che·​mise | \ shə-ˈmēz How to pronounce chemise (audio) , sometimes -ˈmēs \

Definition of chemise

1 : a woman's one-piece undergarment
2 : a loose straight-hanging dress

Examples of chemise in a Sentence

Recent Examples on the Web One is a dress version — a one-piece with a chemise underneath it. Jazz Tangcay, Variety, 8 Sep. 2021 The sensitive Solange, for instance, often sports a white chemise dotted with tiny red hearts, a nod to her youthful vulnerability. Caitlin Quinlan, Variety, 15 Aug. 2021 This is where the investment of a beautiful robe or chemise comes into play. Heather Hall, Harper's BAZAAR, 8 Mar. 2021 Look no further than Bum Cake’s vintage chemise and Torlowei’s ethically made satin skirt. Alexis Bennett, Vogue, 26 Jan. 2021 The subject reclines voluptuously, her eyes closed, her face turned up to the light, a silky white chemise slipping carelessly from her ample shoulder. Rebecca Mead, The New Yorker, 28 Sep. 2020 In all, six bulldozers — including a 108,000-pound Caterpillar D9 — set to work moving chemise, coyote brush, greasewood and manzanita out of the way, establishing a safe zone at the edge of Chappellet. Esther Mobley,, 28 Aug. 2020 Between them came austere black and gray suiting with the ruff of a clerical collar peeking out; lacy chemise dresses and tapestry brocades. Vanessa Friedman, New York Times, 28 Feb. 2020 The items also include a chemise, cream and red stockings, a black shirt and two pairs of leather boots, which were made by shoemaker J. Sparks-Hall of London. Francisco Guzman And Brian Ries, CNN, 20 Jan. 2020

These example sentences are selected automatically from various online news sources to reflect current usage of the word 'chemise.' Views expressed in the examples do not represent the opinion of Merriam-Webster or its editors. Send us feedback.

See More

First Known Use of chemise

13th century, in the meaning defined at sense 1

History and Etymology for chemise

borrowed from French, going back to Old French cheminse, chamisae "tunic-like garment worn directly against the skin," going back to Late Latin camīsia, perhaps borrowed from a continental Celtic word borrowed from West Germanic *hamiþja- (whence Old English hemeþe "undergarment, tunic, shirt," Old Frisian hemethe, hemede, hamed, Old Saxon hemithi, Old High German hemidi), derivative, with the dental suffix *-iþja-, of Germanic *hama- or *haman- "shape, human form, covering" (whence Old English hama [masculine weak noun] "covering, womb, afterbirth, slough of a snake," Old Norse hamr "skin, shape (assumed by a supernatural entity)," and in compounds Old Frisian līkhoma, lichama "body, corpse," Old Saxon gūthhamo "battle shirt," līkhamo "body, corpse," Old High German gundhamo, līhnamo), of uncertain origin

Note: The word chemise occurs once in Middle English, presumably borrowed from Anglo-French, but as a designation for a woman's garment it does not occur after that until the eighteenth century, when it was reborrowed from French. Late Latin camīsia was taken directly into Old English as cemes "shirt, undergarment," continued in Middle English as kemes, kemse, but not surviving any later. The kind of garment designated by camīsia, a sort of close-fitting shirt worn by men, was apparently not familiar to the Romans, so Latin had no name for it; the tunica "tunic," usually at least knee-length and belted, was evidently not the same. The earliest attestation of camīsia, in a letter of jerome (Epistolae 64.11), describes it as having "close-fitting sleeves" ("strictis manicis") descending to the legs ("… usque ad crura descendat"); camīsia was the vernacular name for such a garment, worn by soldiers ("… solent militares habere lineas, quas camisias vocant" - "soldiers customarily possess linen garments, which they call camisiae"). The etymology given above is often accepted, but it is not without obscurities. The reflection of Germanic initial h as c in camīsia is peculiar, as is the long i, attested as short in outcomes of the etymon only in easternmost Romance (Romanian, Dalmatian, dialects of northeast Italy). British Celtic languages have what appears to be an early loan from Old English hemeþe, though with a sibilant that is perhaps owed to the Latin word: Welsh hefys, hefis "woman's undergarment" (ca. 1400 heuis), Old Cornish heuis (glossing colobium "sleeveless tunic"), Old Breton hemis (in guest-hemisiou, glossing lāticlāvia "tunic with a broad purple stripe"). The Germanic etymon has been further compared with Sanskrit śāmulya- "garment," though given the lack of other evidence this connection is questionable.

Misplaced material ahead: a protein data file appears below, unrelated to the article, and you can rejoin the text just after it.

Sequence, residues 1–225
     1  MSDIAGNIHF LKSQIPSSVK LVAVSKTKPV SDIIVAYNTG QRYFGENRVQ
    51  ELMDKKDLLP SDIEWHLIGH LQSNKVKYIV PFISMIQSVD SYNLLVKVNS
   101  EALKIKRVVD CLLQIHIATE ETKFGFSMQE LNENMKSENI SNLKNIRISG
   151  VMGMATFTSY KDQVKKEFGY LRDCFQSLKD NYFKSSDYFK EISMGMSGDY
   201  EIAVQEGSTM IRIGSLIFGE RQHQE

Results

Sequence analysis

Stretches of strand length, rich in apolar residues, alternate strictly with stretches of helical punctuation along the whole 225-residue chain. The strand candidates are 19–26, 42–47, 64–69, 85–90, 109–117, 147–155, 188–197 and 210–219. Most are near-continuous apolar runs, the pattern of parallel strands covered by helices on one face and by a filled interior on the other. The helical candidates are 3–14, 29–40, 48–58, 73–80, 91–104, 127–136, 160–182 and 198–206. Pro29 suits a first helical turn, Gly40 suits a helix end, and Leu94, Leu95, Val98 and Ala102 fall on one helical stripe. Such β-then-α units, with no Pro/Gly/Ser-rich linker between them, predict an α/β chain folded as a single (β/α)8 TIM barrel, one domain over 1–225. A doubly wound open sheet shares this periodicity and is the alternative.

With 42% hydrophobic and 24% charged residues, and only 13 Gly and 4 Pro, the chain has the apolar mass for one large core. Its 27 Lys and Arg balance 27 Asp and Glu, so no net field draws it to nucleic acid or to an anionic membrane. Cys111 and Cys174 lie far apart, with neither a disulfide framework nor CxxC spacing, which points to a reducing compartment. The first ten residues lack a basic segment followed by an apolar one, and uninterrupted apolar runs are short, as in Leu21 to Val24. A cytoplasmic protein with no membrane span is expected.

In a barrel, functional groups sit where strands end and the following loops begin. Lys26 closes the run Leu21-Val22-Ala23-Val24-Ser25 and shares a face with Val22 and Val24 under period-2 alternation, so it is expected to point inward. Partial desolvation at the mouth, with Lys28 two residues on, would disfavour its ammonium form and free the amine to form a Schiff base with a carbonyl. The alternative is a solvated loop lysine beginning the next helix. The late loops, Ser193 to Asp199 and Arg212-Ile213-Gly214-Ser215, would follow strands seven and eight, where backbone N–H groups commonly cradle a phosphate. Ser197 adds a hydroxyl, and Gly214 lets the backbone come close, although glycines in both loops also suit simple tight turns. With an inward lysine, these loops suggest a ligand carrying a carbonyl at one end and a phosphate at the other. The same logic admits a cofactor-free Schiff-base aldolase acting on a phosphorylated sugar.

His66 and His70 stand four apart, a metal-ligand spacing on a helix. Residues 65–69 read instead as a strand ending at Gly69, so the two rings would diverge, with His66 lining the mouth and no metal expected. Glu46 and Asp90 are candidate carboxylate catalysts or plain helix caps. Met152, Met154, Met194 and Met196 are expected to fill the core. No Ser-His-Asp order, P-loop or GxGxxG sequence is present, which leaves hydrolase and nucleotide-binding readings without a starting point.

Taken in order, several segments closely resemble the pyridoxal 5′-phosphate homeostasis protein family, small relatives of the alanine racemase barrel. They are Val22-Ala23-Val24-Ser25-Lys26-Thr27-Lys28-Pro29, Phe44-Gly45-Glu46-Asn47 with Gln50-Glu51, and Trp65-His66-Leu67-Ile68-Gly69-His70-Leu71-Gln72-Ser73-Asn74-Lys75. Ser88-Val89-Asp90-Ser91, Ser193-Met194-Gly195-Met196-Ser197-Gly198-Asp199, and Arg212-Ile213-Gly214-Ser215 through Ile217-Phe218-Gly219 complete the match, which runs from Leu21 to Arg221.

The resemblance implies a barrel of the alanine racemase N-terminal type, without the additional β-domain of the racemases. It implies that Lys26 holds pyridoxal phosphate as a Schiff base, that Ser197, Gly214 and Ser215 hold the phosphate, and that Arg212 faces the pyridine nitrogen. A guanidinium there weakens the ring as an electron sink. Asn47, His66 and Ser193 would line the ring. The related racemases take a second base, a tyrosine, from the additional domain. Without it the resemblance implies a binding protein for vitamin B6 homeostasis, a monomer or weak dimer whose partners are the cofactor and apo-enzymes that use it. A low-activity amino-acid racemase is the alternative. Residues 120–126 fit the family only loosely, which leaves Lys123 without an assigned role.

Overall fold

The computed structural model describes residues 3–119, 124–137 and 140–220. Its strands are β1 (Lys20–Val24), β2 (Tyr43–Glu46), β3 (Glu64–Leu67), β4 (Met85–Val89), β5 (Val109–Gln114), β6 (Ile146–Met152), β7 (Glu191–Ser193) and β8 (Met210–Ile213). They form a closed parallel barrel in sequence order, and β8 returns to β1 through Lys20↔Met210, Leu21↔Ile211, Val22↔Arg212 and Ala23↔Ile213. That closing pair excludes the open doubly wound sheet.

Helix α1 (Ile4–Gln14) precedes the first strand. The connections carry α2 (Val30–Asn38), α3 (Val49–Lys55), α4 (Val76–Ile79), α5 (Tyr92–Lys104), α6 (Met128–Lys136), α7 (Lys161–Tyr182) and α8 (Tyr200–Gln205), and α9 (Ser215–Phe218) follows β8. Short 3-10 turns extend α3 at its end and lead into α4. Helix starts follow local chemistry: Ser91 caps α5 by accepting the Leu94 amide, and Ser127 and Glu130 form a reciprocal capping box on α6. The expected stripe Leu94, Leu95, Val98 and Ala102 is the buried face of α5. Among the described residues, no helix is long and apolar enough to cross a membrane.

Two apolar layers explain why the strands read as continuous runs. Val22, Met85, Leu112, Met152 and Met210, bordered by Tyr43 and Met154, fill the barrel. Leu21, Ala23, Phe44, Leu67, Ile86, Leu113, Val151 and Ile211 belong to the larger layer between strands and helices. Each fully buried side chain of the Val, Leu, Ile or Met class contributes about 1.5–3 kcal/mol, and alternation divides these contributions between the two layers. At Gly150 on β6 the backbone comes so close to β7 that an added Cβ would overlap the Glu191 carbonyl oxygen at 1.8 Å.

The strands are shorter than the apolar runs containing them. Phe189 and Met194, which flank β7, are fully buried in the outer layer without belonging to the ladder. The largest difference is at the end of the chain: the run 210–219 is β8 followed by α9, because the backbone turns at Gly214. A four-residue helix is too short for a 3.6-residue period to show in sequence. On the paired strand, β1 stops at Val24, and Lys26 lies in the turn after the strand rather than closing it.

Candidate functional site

Learn More About chemise

Time Traveler for chemise

Time Traveler

The first known use of chemise was in the 13th century

See more words from the same century

Dictionary Entries Near chemise




See More Nearby Entries 

Statistics for chemise

Cite this Entry

“Chemise.” Dictionary, Merriam-Webster, Accessed 19 Jan. 2022.

Style: MLA
MLACheck Mark Icon ChicagoCheck Mark Icon APACheck Mark Icon Merriam-WebsterCheck Mark Icon

More Definitions for chemise



English Language Learners Definition of chemise

: a piece of clothing that looks like a light, loose dress and that is worn by women as underwear or in bed
: a loose dress that hangs straight

More from Merriam-Webster on chemise

Thesaurus: All synonyms and antonyms for chemise

Nglish: Translation of chemise for Spanish Speakers Encyclopedia article about chemise


Test Your Vocabulary

Difficult Spelling Words Quiz

  • alphabet pasta spelling help
  • Which is the correct spelling?
Spell It

Can you spell these 10 commonly misspelled words?

Universal Daily Crossword

A daily challenge for crossword fanatics.

Love words? Need even more definitions?

Subscribe to America's largest dictionary and get thousands more definitions and advanced search—ad free!